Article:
From what I have already mentioned, I want to make a website in the style and taste of the 1990s. However…
…I missed the mark.
This is not “Brutalist.”
This is not “historically accurate.”
This is embarrassing.
Looking at this, I think the reason why I ended up that way is because I did not exactly know why websites in the 1998‒2001 “sweet spot” had that style. At the time I was designing this website, I looked into old versions of websites that I knew.
Actually, there is a worthwhile example from this search.
There is plenty that I like here. The top menu is classy yet useful. The banner gives the message immediately and clearly. Also, the website’s use of color theory with the purple and yellow Pokémon is clever. The Type symbols fit the theme yet are appealing and attract attention to the menu items. I also like the drop shadows that the icons and banner have; they give that “sweet-spot Internet” look. The news items have those icons that, if not relevant to the news item, fit the theme at least. The “NEW” news icons actually have the “NEW” text cycle around the PokéBall, making an attention-grabbing, pleasing sight without being obtrusive.
I actually found other traits that I liked, but, once I found again and took a good look at the Web Design Museum, everything “clicked”. Even the other traits I liked were more clearly visible in the museum exhibits!
The color scheme takes that of the Road Runner character but is not afraid of expanding on the color palette when necessary. There are 2 menus here, each of which serve different purposes. The way that the two menus are connected with a curve gives a dynamic feel that, in the end, fits the “speedy” motif. The “go” button next to the zipcode textbox is also sweet. However, every link of importance (even the dial-up and DSL buttons) is accessible.
Plus, implementing a character known because of his ridiculous speed both suits the service and is in good taste.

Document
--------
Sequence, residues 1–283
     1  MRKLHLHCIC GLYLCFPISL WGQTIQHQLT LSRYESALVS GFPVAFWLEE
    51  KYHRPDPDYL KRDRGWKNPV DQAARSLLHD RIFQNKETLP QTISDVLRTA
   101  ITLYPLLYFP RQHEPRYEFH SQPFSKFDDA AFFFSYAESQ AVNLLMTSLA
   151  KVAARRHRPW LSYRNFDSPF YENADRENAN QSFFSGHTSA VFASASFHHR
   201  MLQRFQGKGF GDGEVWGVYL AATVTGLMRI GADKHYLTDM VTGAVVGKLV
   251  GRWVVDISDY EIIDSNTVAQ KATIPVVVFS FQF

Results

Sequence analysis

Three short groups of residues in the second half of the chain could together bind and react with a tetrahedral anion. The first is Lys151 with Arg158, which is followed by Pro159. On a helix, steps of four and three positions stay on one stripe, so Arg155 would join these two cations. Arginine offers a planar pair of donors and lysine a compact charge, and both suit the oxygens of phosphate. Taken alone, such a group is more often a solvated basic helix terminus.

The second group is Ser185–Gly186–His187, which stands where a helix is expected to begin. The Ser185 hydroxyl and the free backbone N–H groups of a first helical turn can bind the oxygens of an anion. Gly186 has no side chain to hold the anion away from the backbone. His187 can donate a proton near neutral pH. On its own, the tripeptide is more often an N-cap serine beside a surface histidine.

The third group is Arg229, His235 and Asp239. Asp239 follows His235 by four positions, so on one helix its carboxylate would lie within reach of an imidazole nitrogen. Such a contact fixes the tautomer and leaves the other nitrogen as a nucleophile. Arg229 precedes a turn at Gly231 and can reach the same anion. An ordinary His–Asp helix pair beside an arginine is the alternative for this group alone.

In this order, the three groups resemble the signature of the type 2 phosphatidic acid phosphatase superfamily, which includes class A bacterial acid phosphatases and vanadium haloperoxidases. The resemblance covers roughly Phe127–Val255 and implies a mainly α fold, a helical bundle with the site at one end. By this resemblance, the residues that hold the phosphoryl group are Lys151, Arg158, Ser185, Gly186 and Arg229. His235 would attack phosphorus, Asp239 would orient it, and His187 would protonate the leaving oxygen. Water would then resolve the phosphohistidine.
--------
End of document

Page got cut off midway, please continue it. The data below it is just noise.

Honestly, there is some clutter here, which makes the webpage confusing. What I do like is the middle image that has a color that stands out from the other sections and is inviting in both expression and content. The shop@kodak logo and “Shop Worldwide” menu item are also in good taste.
There are actually more examples (from both the previous search and the museum) of good taste, but, after seeing all of the examples, I found that these are the examples that had the most impact to me.
In light of this knowledge, I drew up this prototype:
This is just an exploratory design.
One thing that I did not want to change is the color scheme because my website has a “story” in which you are traveling to the beach. (The pink is a prototype-exclusive that represents a border.) A cute logo with the website name and tagline grace the sky. Riding the water are the menu items. There are 3 menus: one orients the new browser, another lists the games (complete with their icons), and another list other links of interest. At the top-left corner of the water is the search bar, making a more organic transition between the two menus. Below that are the language flags. The sand has the content. After a banner (that actually only “advertises” my games*), there is a big image that gives big news. After that image is a list of news items that have a relevant icons. A “New!” image animates itself to news items that are up to 3-weeks-old. After the news are some small link-buttons.
There are actually a few changes from the concept image that I would change, but this design is far better.
- = Though the inspiration of putting a banner was in reference to the old Nickelodeon website, the idea of self-advertising banners came from Earthbound Central.
…though, now that I think about that, Nickelodeon’s banners were usually self-advertising… the banners at the old Cartoon Network website were also normally self-advertising, too.